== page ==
PALMERTON -- At the park in Palmerton, dozens gathered for the end of the first day of the Go Joe bike ride that raises money for the St. Joseph's Center in Scranton.
While they were excited to meet our Joe Snedeker, they were also all abuzz about the royal news taking place miles away across the pond in England.
“That is exciting. I'm glad she had a little boy, I'm anxious to see a picture,” said Jane George from Aquashicola.
“It is very exciting, it is exciting, every new baby is exciting. It doesn't matter royalty or not it's exciting,” said Kathy Gahelka of Palmerton.
The future king and queen of England, William and Cate, welcomed a baby boy with the eyes of the world watching.
The countdown to the birth brought down a media frenzy that camped outside of St. Mary's Hospital.
“Oh, yeah, it's the future monarch of England,” said Ed Dwyer of Lehighton. “I can understand, you see thousands of people out there, looking to see when the baby's going to be born. They put the announcement up this morning. We saw that before we left and then my wife just told me he was born.”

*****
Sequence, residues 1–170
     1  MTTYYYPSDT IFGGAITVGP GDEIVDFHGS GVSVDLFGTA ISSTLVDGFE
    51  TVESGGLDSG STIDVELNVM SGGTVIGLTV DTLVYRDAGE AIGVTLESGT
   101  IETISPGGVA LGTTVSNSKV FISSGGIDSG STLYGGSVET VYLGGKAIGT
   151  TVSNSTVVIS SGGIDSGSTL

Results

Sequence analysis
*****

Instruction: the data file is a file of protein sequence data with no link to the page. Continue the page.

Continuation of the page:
British Parliament is changing a 300-year-old law now making the first born royal child the heir to the throne, regardless of gender.
That meant if the couple had a girl, she would be queen even if brothers were born later.
“We wanted a girl,” said Kathy Bowman of Bownmanstown.
“I wanted it to be a girl,” said Elizabeth Sterner of Palmerton.
Now the next guessing game is what the future king will be called.
“Oh, I don't know, I don't know, Charles possibly?” said Gahelka.
“Oh, I have no idea,” said George.
The newborn is third in line for the throne after his father Prince William, and his grandfather Prince Charles.
Queen Elizabeth II has reigned for 61 years.